The current correction began in April, a beneath-the-surface, sector-by-sector rattle that’s now caught the attention of everyone.
Nobody sent out an evite so you can stop searching your inbox. You probably didn’t get a voicemail about this ahead of time either. Sentiment shifts quickly, irregardless of fundamental rhyme or reason, and no one tells you about it in advance.
At first Utilities and REITS and other so-called low beta sectors began to trail the market, flattening out during broad market rallies and ceding leadership to techs and banks. Then they began an outright decline, joined by junk bond ETFs and MLPs.
This went on for a few weeks and then began to be noticed broadly. We had had these divergences before between some sectors and the overall market – but each of these divergences had eventually resolved to the upside all winter and spring long. It was a maddening pattern for the bears – weakness would be detected in trannies or small-caps or whatever and it looked as though the rally was in danger. Then the herd would come thundering into the laggard sector and suck up every stock in sight, thus rendering these temporary divergences meaningless.
There is substantial technical damage across many of the sectors and asset classes that had led the rally since Thanksgiving. The S&P 500 has just printed it’s first back-to-back weekly loss since the rally began and the beatings have begun to leave a mark.
Have you seen the Mortgage REITs lately? Absolute shitshow – and these things were pitched as risk-off bond equivalents by brokers all year.
How about the pipeline stocks? They look like Amanda Bynes feels.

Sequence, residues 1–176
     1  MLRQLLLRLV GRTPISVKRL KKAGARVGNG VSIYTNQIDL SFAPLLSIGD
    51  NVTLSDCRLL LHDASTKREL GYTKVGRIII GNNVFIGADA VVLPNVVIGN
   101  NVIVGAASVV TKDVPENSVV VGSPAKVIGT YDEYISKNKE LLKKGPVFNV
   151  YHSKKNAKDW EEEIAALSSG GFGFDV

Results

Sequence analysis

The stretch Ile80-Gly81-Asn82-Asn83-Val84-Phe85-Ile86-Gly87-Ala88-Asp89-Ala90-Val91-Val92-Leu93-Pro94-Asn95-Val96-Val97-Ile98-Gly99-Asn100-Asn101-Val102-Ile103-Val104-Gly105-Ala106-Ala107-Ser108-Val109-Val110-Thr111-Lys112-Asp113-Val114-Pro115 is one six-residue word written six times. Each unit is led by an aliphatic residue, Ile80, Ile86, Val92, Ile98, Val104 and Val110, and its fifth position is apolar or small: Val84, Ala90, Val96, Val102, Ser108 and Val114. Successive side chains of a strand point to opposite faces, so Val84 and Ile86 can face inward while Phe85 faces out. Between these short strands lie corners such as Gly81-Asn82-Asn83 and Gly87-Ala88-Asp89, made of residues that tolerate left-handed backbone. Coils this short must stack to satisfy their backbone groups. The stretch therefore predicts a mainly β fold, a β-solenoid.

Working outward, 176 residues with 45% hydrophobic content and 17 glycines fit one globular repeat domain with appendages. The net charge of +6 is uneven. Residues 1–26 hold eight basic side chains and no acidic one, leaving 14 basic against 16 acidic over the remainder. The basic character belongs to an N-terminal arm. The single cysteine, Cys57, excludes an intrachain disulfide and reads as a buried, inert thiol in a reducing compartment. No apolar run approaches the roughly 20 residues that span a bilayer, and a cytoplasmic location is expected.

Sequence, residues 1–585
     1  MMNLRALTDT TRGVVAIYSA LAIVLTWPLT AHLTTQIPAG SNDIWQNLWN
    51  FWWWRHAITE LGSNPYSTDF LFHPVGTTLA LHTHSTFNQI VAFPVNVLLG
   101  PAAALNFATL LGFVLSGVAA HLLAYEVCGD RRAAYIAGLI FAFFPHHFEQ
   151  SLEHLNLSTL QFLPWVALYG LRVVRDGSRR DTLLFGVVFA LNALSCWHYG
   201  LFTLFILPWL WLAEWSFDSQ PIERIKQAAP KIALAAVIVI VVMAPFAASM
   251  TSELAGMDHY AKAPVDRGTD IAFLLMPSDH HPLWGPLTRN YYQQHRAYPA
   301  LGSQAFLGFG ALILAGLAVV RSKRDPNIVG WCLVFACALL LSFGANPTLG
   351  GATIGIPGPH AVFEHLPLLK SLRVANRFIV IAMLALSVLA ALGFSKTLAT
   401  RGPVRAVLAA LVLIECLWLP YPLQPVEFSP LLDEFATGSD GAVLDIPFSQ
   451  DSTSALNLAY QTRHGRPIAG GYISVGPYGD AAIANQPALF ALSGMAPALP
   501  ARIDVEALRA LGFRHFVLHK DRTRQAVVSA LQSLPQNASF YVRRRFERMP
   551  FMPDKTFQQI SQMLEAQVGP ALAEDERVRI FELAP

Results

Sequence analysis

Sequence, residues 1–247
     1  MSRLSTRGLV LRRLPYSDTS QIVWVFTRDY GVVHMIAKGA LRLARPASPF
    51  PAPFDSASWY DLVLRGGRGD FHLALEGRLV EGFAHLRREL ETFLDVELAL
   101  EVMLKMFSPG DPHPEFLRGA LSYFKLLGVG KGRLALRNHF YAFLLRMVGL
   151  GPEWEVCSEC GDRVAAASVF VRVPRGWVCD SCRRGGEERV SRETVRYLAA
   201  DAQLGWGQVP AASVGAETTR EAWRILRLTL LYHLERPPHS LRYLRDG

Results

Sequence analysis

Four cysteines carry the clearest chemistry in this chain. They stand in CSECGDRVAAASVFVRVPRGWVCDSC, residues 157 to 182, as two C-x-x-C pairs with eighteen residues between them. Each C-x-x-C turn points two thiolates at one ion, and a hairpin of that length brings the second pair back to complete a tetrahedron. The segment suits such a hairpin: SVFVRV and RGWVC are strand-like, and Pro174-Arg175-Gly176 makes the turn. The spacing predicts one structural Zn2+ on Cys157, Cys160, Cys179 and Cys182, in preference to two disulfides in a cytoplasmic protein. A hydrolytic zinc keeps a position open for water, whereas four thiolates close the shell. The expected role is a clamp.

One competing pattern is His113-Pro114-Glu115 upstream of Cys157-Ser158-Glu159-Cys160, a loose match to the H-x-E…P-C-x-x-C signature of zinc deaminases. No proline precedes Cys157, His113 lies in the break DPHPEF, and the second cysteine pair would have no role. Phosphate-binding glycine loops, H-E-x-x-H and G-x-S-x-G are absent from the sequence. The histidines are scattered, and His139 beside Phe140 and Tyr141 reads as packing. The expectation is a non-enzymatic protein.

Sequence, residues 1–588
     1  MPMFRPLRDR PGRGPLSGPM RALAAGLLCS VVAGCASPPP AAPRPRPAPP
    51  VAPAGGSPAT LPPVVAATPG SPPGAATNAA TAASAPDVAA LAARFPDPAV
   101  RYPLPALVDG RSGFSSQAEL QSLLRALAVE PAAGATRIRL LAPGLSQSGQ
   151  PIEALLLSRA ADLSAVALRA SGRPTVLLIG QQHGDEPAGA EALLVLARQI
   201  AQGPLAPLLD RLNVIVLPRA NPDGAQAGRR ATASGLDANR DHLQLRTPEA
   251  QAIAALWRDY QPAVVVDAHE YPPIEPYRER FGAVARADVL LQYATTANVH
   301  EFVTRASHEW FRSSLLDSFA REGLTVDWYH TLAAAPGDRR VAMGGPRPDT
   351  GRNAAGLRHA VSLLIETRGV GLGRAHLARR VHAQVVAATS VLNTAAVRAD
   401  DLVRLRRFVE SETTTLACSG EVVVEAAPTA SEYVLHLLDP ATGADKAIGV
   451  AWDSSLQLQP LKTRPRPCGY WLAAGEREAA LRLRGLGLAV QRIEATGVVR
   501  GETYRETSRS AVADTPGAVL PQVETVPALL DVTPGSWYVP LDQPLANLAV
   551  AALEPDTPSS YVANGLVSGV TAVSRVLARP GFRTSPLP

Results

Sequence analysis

What changed? Why have the divergences stopped resolving to the upside?
The underlying cause is exhaustion, the proximate cause is the wake-up call Bernanke delivered to the market via Hilsenrath. US investors are also looking to Japan as a cautionary tale, what happens when exuberance takes hold too quickly and markets get cartoonish. As the Wu said, “You rolling like Trump, you get your meat lumped.”
This is all good. Better to be jolted back to sanity now than to go another six months plowing into alternative income vehicles at historically out-of-whack valuations. I was teasing them and calling the defensive stocks dotcom names a month ago, we all laughed like bastards but you probably didn’t heed me. (see: When Defensive Stocks Plays Offense)
We took things a bit too far in certain sectors. What began as “The Search for Yield” became “The Hunt for Yield” which implied an aggression and a desperation that would soon turn into the “Chase for Yield.” By the time it became “The Reacharound for Yield” it was obvious to seasoned players that it was time to do something else – utterly-ignored cyclical stocks were the obvious call.
So fine, the volatility is back. A little bit of fear is a good thing and getting the correction rolling now removes one of the key linchpins of the bear argument.
If this sector-specific pullback wants to “go wide” and knock the broad market down a peg (we’re already off 3% from the YTD peak), so be it. We’ve got a nice cushion and a long summer ahead.